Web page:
GET OUT YOUR WATER WINGS: On Tuesday March 12, 2013 the Mendocino County Board of Supervisors proclaimed the week of March 24-30, 2013 as Tsunami Preparedness Week. The Mendocino County Office of Emergency Services, in cooperation with the Counties of Humboldt and Del Norte, the National Weather Service, and the California Emergency Management Agency has scheduled a Tsunami Warning System Test on March 27, 2013 from 11am to noon. If you are watching television between 11am and Noon on Wednesday March 27, expect to see a crawler at the bottom of the screen indicating that a tsunami warning has been issued and hear a voice indicating that it is only a test. If you don’t hear the TV audio, please remember that this is only a test. If you are listening to the radio you will hear alerting tones followed by a voice announcing that the test is occurring. If you have a NOAA weather radio with the Public Alert feature the radio will automatically turn on and you will hear the same message as broadcast on radios. If you live in or near the City of Fort Bragg or the City of Point Arena you may hear the sounding of Tsunami Sirens. The sirens, when activated, will “wail” for approximately three minutes. There are two sirens located in the Noyo Harbor area and one located in the Pudding Creek area of Fort Bragg. There is one siren located in Arena Cove in the City of Point Arena. As part of the Tsunami Warning system, the Civil Air Patrol, weather permitting, will be flying along the coastlines of Mendocino, Humboldt, and Del Norte Counties testing their public address system. The Mendocino County Office of Emergency Services will also test their emergency notification system (Reverse 911) with a public service announcement in the Fort Bragg and Point Arena areas. If there is a real earthquake in the Pacific Ocean that has the potential to generate tsunami for our coastline the test will be cancelled. For more information on how to survive an earthquake or prepare for a tsunami please visit the following website. Please help us evaluate this test by following the links online or by telephone at: 707-443-6484 For questions please contact the Office of Emergency Services at (707) 463-5667 or e-mail at



Norman Wayne Whipple of the Round Valley Indian Tribes of Covelo was born November 24, 1933, and died Thursday, February 28, 2013, at the age of 80.

Norman loved his family, especially attending his grandchildren's and great-grandchildren's birthday parties, graduations and school activities.

Norman loved the land, and enjoyed ranching and pushing dirt for the Pacific Railroad and Central Valley rice fields, hauling heavy equipment for construction and the Oklahoma oil fields, hunting and fishing as a young man, and greeting the sunrise from the bay window of the kitchen.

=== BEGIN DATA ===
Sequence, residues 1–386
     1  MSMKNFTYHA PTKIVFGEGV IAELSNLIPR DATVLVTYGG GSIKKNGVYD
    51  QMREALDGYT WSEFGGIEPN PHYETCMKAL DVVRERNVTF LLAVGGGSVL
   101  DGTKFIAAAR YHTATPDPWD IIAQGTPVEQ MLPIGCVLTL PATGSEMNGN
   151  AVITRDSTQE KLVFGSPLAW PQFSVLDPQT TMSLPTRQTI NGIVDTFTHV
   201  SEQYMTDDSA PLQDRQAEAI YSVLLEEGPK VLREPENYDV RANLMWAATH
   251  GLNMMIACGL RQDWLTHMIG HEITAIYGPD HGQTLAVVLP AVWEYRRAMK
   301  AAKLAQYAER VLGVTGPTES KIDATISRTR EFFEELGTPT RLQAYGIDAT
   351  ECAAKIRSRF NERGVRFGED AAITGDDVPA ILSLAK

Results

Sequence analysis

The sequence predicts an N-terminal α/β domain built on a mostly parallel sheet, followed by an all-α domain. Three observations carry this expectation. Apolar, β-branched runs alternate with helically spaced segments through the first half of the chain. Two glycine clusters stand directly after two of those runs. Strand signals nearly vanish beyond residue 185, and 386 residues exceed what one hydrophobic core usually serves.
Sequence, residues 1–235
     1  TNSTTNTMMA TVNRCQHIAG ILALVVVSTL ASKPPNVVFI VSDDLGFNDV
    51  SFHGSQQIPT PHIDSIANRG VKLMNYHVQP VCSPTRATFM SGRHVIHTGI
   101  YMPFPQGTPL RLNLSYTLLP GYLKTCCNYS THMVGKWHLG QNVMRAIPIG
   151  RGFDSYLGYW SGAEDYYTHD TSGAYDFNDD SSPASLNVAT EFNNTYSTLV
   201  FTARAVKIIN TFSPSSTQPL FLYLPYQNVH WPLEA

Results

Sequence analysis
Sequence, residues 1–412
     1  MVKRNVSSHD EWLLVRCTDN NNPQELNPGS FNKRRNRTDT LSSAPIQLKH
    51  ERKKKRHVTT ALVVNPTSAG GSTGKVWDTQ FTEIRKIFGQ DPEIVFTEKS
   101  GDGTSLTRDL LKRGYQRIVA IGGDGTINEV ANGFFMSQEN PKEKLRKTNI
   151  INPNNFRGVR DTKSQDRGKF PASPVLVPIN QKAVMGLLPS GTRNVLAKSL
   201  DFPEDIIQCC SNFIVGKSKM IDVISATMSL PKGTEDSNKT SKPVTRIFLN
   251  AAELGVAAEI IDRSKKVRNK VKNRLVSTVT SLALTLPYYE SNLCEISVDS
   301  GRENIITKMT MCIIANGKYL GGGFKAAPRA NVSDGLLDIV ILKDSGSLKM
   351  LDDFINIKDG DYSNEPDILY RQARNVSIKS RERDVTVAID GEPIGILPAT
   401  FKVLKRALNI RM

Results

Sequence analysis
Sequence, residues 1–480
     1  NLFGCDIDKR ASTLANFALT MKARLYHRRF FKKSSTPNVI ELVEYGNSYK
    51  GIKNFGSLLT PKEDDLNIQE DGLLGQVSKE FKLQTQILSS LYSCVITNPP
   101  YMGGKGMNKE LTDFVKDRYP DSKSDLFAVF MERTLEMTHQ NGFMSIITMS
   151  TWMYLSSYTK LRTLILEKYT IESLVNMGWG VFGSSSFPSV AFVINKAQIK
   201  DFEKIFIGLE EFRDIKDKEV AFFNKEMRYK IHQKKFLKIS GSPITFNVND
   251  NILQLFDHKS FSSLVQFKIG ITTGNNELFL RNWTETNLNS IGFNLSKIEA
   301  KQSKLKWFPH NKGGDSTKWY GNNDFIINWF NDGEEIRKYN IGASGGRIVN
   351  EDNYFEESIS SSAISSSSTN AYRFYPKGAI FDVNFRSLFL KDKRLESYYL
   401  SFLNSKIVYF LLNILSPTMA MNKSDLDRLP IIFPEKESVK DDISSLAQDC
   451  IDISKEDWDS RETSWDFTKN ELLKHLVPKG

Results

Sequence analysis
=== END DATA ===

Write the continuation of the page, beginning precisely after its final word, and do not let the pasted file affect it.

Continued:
Norman loved his country and proudly served for 12 years as a demolition team Navy SEAL. He was a Korean war veteran. He said he didn't need to travel out of the country extensively; he had "been around the world twice."

Norman loved his Native American heritage and served on the Round Valley Tribal Council from the 1960s through the 1990s. he was a member of the founding committee for Indian Health Services, helping establish health clinics throughout Northern California; worked with the Round Valley Housing Authority; and served at least four terms as the Tribal Council chairman. His duties involved extensive travel to Washington, D.C., and Sacramento, as well as in-¬state and out-of-state workshops and meetings.

He was respected for being well-read and informed on all issues related to tribal and political issues that affected the governing and policy-making regulations of the RVIT. He listened intently, spoke when he believed it was necessary, and earned his listeners' respect, even if it involved controversy or heated discussions. Additionally, he served as a member and chairman of the Round Valley Unified School District Board of Education in the late 1990s.

Norman is survived by his present wife, Andrea, and former wife, Annabelle. He and Annabelle have three children: Deborah Oliver, William Whipple and Kimberly Stillwell. There are 10 grandchildren and 17 great-grandchildren.

From a family of nine children there remain two sisters: Phyllis Rohloff and Bertha Gonzalez, as well as a brother, Dewey Whipple, Jr. He also is survived by an aunt, Thelma, who lives out of state.

He will be missed by numerous family members, friends and professional colleagues.

Anker-Lucier Mortuary is in charge funeral arrangements. A wake will be held Wednesday, March 6, at the Round Valley Methodist Church beginning at 4 p.m. Services will be held Thursday, March 7, at Round Valley Methodist Church at 11 a.m., with interment to follow at the Nomalacki Cemetery in Covelo.

A reception at the Round Valley Senior Center will follow interment.